Oz: Oral hygiene care for pets can be quite challenging

People assume that their cat’s teeth are just fine, where in fact, cats are especially prone to a dental condition called tooth resorption.

Pet owners have to address the condition of their pet’s teeth at some point.

As humans, we are very used to maintaining our oral hygiene, by brushing at least twice a day.

Any dentist will instruct you to have a professional dental cleaning at least twice a year.

Most animals are not comfortable with their mouth being handled, so maintaining a daily oral hygiene routine for pets is quite challenging and most owners are unable to keep it.

Some pet owners don’t pay any attention to their pet’s dental condition, and sometime detect a problem only when it is advanced.

In dogs it’s easier to notice signs that the teeth need attention by bad breath and discolouration of the teeth by dental tartar and calculus.

A cat’s oral health is often overlooked. Cats are much more finicky about their mouth being opened and handled.

Their teeth are smaller and the changes in them are less visible.

People tend to assume that their cat’s teeth are just fine, where in fact, cats are especially prone to a dental condition called tooth resorption.

The tooth is composed of three parts. The pulp—also known as the root canal, where the tooth blood vessels, nerve and lymph tissue are found.

Around it there is the bony hard tooth called dentin, and the exterior protective layer covering the tooth is called enamel.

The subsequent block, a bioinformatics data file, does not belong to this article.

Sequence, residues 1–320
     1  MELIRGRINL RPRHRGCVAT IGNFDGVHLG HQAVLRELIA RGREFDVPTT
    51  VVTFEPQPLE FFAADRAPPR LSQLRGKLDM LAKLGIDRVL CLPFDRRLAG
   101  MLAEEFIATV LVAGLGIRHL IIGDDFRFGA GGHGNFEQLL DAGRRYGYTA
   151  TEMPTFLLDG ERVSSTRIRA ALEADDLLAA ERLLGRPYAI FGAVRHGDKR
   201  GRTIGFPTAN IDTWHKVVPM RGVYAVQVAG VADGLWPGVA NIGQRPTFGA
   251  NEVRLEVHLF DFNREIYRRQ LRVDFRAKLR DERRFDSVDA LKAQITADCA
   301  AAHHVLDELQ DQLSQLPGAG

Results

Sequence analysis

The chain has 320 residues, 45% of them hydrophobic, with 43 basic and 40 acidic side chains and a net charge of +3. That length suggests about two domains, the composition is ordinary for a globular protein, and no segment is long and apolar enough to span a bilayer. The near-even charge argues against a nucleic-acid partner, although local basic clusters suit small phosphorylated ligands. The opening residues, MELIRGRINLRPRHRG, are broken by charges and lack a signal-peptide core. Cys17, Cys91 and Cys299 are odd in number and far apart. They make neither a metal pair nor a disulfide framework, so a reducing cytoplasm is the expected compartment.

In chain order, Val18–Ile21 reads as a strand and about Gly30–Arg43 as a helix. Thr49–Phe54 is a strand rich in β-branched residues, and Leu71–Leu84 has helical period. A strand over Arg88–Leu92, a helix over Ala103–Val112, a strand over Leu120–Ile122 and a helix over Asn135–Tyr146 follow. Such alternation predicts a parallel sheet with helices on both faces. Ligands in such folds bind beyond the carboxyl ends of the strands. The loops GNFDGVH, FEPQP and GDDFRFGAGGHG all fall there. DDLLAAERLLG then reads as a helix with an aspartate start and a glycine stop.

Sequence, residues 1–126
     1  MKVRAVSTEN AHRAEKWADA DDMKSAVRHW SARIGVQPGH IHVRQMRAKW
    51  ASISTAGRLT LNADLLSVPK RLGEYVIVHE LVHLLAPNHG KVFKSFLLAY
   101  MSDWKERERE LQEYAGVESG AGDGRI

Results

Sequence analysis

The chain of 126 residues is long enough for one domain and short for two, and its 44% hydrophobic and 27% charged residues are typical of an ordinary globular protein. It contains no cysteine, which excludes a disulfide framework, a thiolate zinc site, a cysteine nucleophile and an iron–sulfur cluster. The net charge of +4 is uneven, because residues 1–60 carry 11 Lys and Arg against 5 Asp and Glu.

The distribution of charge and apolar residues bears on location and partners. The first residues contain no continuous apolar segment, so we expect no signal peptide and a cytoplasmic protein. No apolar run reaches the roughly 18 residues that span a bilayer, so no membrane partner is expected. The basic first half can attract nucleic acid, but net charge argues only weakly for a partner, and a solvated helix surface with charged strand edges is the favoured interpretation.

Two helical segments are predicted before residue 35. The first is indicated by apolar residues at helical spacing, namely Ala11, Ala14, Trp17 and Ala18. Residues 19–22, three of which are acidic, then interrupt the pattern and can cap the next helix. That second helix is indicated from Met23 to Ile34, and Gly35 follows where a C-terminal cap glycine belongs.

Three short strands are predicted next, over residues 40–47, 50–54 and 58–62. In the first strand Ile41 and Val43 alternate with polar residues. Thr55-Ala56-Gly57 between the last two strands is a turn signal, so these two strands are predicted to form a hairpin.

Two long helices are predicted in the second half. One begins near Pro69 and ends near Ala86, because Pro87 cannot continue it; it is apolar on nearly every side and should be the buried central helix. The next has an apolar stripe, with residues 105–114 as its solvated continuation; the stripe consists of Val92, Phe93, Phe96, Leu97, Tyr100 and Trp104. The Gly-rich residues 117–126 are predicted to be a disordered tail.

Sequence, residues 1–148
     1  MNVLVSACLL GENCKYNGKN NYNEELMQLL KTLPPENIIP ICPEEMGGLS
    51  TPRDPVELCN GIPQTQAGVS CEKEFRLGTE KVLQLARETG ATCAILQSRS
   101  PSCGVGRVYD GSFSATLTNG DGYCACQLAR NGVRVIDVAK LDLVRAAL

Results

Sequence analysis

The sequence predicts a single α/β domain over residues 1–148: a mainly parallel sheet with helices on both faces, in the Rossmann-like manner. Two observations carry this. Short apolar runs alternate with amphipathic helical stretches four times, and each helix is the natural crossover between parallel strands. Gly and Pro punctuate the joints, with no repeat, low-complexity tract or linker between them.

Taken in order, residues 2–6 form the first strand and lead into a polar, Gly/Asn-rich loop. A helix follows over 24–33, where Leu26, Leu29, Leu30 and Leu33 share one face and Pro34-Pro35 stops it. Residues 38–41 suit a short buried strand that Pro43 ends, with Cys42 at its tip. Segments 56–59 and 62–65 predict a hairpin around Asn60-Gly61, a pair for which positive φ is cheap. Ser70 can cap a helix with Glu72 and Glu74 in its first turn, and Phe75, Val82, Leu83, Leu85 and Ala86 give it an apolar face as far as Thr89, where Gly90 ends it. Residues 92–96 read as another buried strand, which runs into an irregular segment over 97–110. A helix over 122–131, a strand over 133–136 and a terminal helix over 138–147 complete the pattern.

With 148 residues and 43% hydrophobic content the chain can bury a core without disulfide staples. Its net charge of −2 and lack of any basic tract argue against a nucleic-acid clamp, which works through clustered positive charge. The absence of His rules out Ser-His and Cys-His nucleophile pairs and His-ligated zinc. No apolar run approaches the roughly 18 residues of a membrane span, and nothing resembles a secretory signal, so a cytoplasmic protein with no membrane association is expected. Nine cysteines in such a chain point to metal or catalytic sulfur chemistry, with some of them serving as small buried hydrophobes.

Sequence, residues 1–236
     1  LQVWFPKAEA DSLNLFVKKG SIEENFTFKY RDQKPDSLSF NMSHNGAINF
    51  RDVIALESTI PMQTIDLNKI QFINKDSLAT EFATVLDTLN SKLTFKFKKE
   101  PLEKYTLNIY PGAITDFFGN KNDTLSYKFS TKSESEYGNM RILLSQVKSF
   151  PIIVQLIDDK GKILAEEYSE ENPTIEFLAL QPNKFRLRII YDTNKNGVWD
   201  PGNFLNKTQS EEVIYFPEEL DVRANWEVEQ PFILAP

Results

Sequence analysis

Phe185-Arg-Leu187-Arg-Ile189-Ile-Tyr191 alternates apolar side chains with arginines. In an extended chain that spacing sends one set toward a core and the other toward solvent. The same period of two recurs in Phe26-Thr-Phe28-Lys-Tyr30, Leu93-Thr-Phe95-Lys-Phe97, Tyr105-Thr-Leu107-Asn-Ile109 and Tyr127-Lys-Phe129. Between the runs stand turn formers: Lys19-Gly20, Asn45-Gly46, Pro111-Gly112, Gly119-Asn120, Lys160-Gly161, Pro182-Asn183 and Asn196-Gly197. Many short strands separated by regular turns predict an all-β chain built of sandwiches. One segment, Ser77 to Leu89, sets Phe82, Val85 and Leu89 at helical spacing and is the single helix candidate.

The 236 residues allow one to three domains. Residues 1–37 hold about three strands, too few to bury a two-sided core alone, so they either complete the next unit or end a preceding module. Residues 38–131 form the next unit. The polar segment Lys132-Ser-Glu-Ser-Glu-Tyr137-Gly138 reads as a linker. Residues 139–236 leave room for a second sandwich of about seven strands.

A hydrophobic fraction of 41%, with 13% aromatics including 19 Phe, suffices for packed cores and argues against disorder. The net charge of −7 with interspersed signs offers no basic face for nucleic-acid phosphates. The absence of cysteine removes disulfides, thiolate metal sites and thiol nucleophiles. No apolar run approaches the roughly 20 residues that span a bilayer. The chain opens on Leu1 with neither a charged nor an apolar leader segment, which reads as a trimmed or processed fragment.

Tooth resorption is a very common dental disease in cats, where the enamel and dentin are progressively eroding till the tooth pulp is exposed.

Eventually, the tooth becomes irreparably destroyed.

This condition is very common and affects about 60 per cent of cats at some point of their life, usually after the age of five years old.

This condition is extremely painful, even though cats tend to not show any signs of pain.

The teeth lesions most commonly affect the premolar teeth, although as the disease progresses, more and more teeth are affected.

The tooth resorption starts just under the gum line and spreads from there. Over time, all areas of an affected tooth, from root to crown, may become involved.

The exact reason for this condition is still unknown.

Due to the high incidence percentage, there are numerous research studies being conducted trying to identify the cause for the condition and the means for its prevention.

The most common symptoms that cat owners can look for are if the cat tends to swallow the food without chewing it.

Tilting the head while eating and chewing only on one side of the mouth, sudden preference for strictly soft food and, in very advanced conditions, the cat may lose its appetite.

Diagnosis is done by a combination of visual, tactile and radiographic means.

The lesions will usually start out as little erosions along the gumline with associated inflammation and redness of the gums in the area.

They can progress to large holes in the teeth, and eventually can destroy most of the tooth.

In severe cases, the entire crown of the tooth can be lost and the gums tend to overgrow and overlap the missing tooth.

The most common treatment for the condition is by extracting the affected tooth.

An annual routine oral exam by your veterinarian is very recommended.

Your cat cannot voice its pain to you. Your cat may be under a great deal of pain every time it eats, or when something just touches its teeth.

Take your cat to be checked by its doctor and put your mind at ease that you’re not overlooking and missing a silent, yet severe, disease.

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